Focus back on South African Kolpak cricketer

The British have become paranoid with foreigners parachuting into their islands and sport is no different to other aspects of life.

The vote for Brexit by the British public has led to a mass infiltration of Kolpak players from South Africa into County cricket. Players who qualify for Kolpak status have realised that 2017 will probably be their last opportunity. Kolpak players are mainly from South Africa whose international careers are over or in decline. To qualify for Kolpak status a player needs to have played at least one Test match or fifteen white-ball internationals.

As happened a few years ago, there has been a big reaction to this development in the English media and from cricket supporters on social media. The British as a nation have become paranoid with foreigners parachuting into their islands on a daily basis and sport is no different to other aspects of life.  Who can blame them?

England cricket during the decade of the 1990’s was very poor and they struggled to compete with other cricketing nations who were improving all the time. During this decade England lost the iconic status that it enjoyed for decades before. The turnaround came when the England Cricket Board (ECB) appointed a commission of enquiry chaired by Lord McLaurin, the Chairman of the Tesco Group, one of the biggest supermarket chains in the world.

What was called the McLaurin Commission had the theme of “Lifting the Standard” and identified that County cricket was no longer good enough to produce quality cricketers for the England team. Thus was born the two divisions of the County cricket system that ensured strength against strength. This resulted in the system once again producing quality cricketers and the England team’s performances started to change for the better.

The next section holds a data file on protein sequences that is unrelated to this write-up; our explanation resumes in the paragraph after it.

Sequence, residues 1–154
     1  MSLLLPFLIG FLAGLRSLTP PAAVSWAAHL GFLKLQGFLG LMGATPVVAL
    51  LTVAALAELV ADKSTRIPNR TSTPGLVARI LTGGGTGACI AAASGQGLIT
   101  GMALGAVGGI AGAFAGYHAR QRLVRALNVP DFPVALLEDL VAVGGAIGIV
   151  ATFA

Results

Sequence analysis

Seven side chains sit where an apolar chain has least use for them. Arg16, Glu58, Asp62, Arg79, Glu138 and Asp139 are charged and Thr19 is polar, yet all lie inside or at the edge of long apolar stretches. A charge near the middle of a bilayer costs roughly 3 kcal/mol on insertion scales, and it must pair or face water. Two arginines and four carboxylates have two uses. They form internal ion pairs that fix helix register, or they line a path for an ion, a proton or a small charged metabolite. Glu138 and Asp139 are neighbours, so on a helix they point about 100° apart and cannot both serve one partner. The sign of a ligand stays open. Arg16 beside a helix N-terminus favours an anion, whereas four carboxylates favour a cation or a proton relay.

However, there was a second very important component that contributed to “Lifting the Standard” and that was the introduction of Kolpak players from the early 2000’s. The influx of these Kolpak players played a decisive role in lifting the standard of County cricket to the benefit of the national team. The Kolpak player will never be given credit for this role by the ECB because they have been and remain a necessary evil. The ECB will always be “politically correct” in a cricketing sense but the real cricket administrator knows that England does not produce enough quality young players for the eighteen counties and the England team.

The critics are correct though that a situation cannot be allowed to develop where County cricket has too many non-qualified cricketers, those who have ancestral links or European passports. The ECB cannot allow a British football model to develop, as it will destroy English cricket. Cricket is a different game structurally, commercially and culturally to football.

The comments of knowledgeable cricket administrators and critics seem to be correct, namely that the best balance for the ECB to follow is allowing each County a maximum of three non-qualified England players. This will ensure the crucial balance between maintaining standards and opportunity for English-born cricketers.

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